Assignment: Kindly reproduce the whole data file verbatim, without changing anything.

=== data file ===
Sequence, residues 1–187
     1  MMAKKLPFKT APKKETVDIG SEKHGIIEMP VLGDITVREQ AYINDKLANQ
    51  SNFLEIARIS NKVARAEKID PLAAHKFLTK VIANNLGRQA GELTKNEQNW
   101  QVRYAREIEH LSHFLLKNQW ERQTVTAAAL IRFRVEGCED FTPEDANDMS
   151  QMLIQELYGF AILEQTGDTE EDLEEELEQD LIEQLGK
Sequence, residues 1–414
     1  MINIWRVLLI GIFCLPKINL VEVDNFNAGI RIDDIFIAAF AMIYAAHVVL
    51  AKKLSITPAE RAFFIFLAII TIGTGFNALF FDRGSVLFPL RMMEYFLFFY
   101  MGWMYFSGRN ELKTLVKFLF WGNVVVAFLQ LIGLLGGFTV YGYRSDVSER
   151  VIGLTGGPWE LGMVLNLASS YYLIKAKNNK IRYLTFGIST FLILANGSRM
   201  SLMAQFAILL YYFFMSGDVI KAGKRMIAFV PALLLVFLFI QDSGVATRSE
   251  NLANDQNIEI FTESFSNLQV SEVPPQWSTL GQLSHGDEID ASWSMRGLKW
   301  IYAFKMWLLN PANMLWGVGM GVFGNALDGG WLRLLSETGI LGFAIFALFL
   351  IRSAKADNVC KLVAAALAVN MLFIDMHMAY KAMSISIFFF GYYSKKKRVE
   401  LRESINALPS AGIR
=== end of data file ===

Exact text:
Sequence, residues 1–187
     1  MMAKKLPFKT APKKETVDIG SEKHGIIEMP VLGDITVREQ AYINDKLANQ
    51  SNFLEIARIS NKVARAEKID PLAAHKFLTK VIANNLGRQA GELTKNEQNW
   101  QVRYAREIEH LSHFLLKNQW ERQTVTAAAL IRFRVEGCED FTPEDANDMS
   151  QMLIQELYGF AILEQTGDTE EDLEEELEQD LIEQLGK
Sequence, residues 1–414
     1  MINIWRVLLI GIFCLPKINL VEVDNFNAGI RIDDIFIAAF AMIYAAHVVL
    51  AKKLSITPAE RAFFIFLAII TIGTGFNALF FDRGSVLFPL RMMEYFLFFY
   101  MGWMYFSGRN ELKTLVKFLF WGNVVVAFLQ LIGLLGGFTV YGYRSDVSER
   151  VIGLTGGPWE LGMVLNLASS YYLIKAKNNK IRYLTFGIST FLILANGSRM
   201  SLMAQFAILL YYFFMSGDVI KAGKRMIAFV PALLLVFLFI QDSGVATRSE
   251  NLANDQNIEI FTESFSNLQV SEVPPQWSTL GQLSHGDEID ASWSMRGLKW
   301  IYAFKMWLLN PANMLWGVGM GVFGNALDGG WLRLLSETGI LGFAIFALFL
   351  IRSAKADNVC KLVAAALAVN MLFIDMHMAY KAMSISIFFF GYYSKKKRVE
   401  LRESINALPS AGIR